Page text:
The Vienna Manifesto on Digital Humanism

Atualizado em

Como resultado do 1st International Workshop on Digital Humanism (https://www.informatik.tuwien.ac.at/dighum/workshop/), realizado em Viena em abril deste ano e reunindo cientistas de diferentes áreas de conhecimento, foi elaborado o Vienna Manifesto on Digital Humanism (https://www.informatik.tuwien.ac.at/dighum/index.php). Ele é assinado pelos importantes pesquisadores presentes ao evento (Moshe Vardi entre eles) e está aberto a adesões por outros pesquisadores; eu já assinei!

Para os Grandes Desafios em Computação da SBC eu havia escrito este texto (2006 – antes da época!) https://www.palazzo.pro.br/Wordpress/?p=46


The first international workshop on Digital Humanism was held in Vienna, Austria, April 4 – 5, 2019. It was organized by the Faculty of Informatics of TU Wien, and supported by the Vienna Science and Technology Fund, and the Viennese Municipal Department for Economic Affairs, Labor and Statistics.

In the two-day workshop over 100 attendees from academia, governmental organizations, industry and civil society participated in a very lively and interactive way. The program consisted of three main sessions, namely

  • History and Impact of Information Technology
  • Humans and Society, AI and Ethics
  • Dynamics of a New World – Issues and Answers

In a total, there were 12 invited speakers and a final panel, drawing conclusions and identifying possible future directions. Presentations and discussions focused on technical, political, economic, societal and legal issues; and benefited from contributions from the different disciplines represented at the workshop (i.e., political science, law, sociology, history, anthropology, philosophy, economics and informatics). At the center of the discussion was the relationship between computer science / informatics and society, or, as expressed during the workshop, the co-evolution of IT and humankind.


We must shape technologies in accordance with human values and needs, instead of allowing technologies to shape humans. Our task is not only to rein in the downsides of information and communication technologies, but to encourage human-centered innovation. We call for a Digital Humanism that describes, analyzes, and, most importantly, influences the complex interplay of technology and humankind, for a better society and life, fully respecting universal human rights.

In conclusion, we proclaim the following core principles:

  • Digital technologies should be designed to promote democracy and inclusion. This will require special efforts to overcome current inequalities and to use the emancipatory potential of digital technologies to make our societies more inclusive.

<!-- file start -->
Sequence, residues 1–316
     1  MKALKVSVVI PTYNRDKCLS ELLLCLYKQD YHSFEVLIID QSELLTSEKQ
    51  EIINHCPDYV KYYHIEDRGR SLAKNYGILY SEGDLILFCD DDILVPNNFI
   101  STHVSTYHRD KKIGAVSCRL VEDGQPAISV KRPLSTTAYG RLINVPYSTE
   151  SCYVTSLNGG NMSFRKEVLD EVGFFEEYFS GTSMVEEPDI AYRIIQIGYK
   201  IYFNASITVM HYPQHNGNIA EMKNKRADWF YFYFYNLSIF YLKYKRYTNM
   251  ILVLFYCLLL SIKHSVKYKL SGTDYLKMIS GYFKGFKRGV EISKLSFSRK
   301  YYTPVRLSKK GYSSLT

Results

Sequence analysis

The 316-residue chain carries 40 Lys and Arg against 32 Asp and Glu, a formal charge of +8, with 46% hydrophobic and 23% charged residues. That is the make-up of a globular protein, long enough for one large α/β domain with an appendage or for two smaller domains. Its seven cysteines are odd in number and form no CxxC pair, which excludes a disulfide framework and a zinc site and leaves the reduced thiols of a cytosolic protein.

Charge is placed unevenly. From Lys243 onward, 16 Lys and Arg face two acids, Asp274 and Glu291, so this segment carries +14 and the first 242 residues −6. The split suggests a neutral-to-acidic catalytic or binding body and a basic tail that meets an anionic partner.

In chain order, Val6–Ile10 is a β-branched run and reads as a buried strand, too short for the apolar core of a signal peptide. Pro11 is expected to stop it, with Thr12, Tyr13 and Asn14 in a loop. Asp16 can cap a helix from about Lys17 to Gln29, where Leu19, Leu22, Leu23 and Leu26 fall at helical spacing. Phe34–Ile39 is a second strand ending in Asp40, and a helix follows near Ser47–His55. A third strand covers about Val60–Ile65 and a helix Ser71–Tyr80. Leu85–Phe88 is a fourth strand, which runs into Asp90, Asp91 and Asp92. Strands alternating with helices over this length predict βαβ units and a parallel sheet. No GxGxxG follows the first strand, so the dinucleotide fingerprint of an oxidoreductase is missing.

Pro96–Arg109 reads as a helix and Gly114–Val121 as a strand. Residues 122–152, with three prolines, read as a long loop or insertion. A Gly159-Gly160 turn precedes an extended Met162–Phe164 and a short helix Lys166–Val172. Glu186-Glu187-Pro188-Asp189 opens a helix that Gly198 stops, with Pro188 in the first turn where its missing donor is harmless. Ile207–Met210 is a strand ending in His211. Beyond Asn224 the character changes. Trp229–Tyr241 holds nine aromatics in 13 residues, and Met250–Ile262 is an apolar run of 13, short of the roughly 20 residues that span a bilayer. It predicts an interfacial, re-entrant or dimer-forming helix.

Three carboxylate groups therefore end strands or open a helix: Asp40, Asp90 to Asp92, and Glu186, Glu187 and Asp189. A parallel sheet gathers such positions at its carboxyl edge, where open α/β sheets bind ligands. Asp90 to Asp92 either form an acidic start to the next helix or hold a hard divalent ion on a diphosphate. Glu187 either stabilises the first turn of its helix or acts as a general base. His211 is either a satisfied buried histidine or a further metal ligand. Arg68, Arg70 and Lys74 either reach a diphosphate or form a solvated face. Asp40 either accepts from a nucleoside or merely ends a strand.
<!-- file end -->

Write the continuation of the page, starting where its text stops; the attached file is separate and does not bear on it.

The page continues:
• Privacy and freedom of speech are essential values for democracy and should be at the center of our activities. Therefore, artifacts such as social media or online platforms need to be altered to better safeguard the free expression of opinion, the dissemination of information, and the protection of privacy.
  • Effective regulations, rules and laws, based on a broad public discourse, must be established. They should ensure prediction accuracy, fairness and equality, accountability, and transparency of software programs and algorithms.
  • Regulators need to intervene with tech monopolies. It is necessary to restore market competitiveness as tech monopolies concentrate market power and stifle innovation. Governments should not leave all decisions to markets.
  • Decisions with consequences that have the potential to affect individual or collective human rights must continue to be made by humans. Decision makers must be responsible and accountable for their decisions. Automated decision making systems should only support human decision making, not replace it.
  • Scientific approaches crossing different disciplines are a prerequisite for tackling the challenges ahead. Technological disciplines such as computer science / informatics must collaborate with social sciences, humanities, and other sciences, breaking disciplinary silos.
  • Universities are the place where new knowledge is produced and critical thought is cultivated. Hence, they have a special responsibility and have to be aware of that.
  • Academic and industrial researchers must engage openly with wider society and reflect upon their approaches. This needs to be embedded in the practice of producing new knowledge and technologies, while at the same time defending the freedom of thought and science.
  • Practitioners everywhere ought to acknowledge their shared responsibility for the impact of information technologies. They need to understand that no technology is neutral and be sensitized to see both potential benefits and possible downsides.
  • A vision is needed for new educational curricula, combining knowledge from the humanities, the social sciences, and engineering studies. In the age of automated decision making and AI, creativity and attention to human aspects are crucial to the education of future engineers and technologists.
  • Education on computer science / informatics and its societal impact must start as early as possible. Students should learn to combine information-technology skills with awareness of the ethical and societal issues at stake.